The Democratic Republic of Congo’s south eastern Katanga province has begun promoting itself as a source of conflict-free minerals, Bloomberg reported. The trade in tin ore, coltan, gold and wolfram from Central Africa ground to a halt in April when new auditing guidelines for mineral processors by the US-based Electronic Industry Citizenship Coalition and the Global e-Sustainability Initiative took effect. The two groups have been hosting meetings in Washington DC, USA, this week to discuss the situation.

“In Katanga there is no war and there are no military in our mines,” Moise Katumbi, the province’s governor, said in an interview. “People who are implicated in the war, people who are implicated in the reports by NGOs or the UN, can’t come and be outlaws in my province.”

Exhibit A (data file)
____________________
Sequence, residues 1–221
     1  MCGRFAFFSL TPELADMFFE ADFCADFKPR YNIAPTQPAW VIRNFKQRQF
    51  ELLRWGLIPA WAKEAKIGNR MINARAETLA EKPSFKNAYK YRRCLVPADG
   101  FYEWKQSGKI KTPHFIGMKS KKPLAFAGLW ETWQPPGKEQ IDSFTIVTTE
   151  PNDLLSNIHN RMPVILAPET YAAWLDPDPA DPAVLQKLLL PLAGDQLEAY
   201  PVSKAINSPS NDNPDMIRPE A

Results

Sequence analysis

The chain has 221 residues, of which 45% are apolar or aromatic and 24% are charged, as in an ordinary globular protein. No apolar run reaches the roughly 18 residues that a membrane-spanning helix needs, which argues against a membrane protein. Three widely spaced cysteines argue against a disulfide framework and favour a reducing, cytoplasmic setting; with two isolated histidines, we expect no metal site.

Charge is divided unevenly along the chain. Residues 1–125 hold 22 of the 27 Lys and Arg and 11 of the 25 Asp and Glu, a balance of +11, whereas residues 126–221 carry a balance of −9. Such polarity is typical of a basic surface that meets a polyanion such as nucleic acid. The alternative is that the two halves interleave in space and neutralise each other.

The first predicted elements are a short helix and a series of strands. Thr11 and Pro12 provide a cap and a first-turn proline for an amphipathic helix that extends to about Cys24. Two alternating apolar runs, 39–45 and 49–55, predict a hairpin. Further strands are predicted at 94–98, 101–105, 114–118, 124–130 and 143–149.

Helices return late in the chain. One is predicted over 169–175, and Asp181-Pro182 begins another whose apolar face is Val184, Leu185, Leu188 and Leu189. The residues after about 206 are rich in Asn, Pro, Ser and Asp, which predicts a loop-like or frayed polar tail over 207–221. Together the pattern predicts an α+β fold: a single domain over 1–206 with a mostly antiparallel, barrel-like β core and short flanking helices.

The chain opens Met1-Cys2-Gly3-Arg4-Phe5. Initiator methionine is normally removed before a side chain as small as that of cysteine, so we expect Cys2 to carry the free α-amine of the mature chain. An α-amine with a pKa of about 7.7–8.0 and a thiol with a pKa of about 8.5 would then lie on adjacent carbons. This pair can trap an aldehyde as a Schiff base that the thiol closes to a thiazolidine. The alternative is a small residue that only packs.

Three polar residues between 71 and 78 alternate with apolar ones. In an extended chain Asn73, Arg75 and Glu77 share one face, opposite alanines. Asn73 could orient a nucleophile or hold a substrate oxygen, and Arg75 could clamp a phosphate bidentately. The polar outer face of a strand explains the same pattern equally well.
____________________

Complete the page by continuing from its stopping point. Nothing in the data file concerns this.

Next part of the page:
Katanga has implemented taxes and regulations blocking trade in tin ore and coltan to or from neighbouring provinces where conflict persists. The province also participates in the iTSCi traceability scheme. Katanga’s coltan and tin ore exports dropped 93% from March to April, and fell to zero in May as traders stopped buying from the region, according to provincial Mines Ministry statistics. Last year the province exported 3,509 tonnes (gross weight) of tin ore, about a quarter of the DRC’s total reported exports.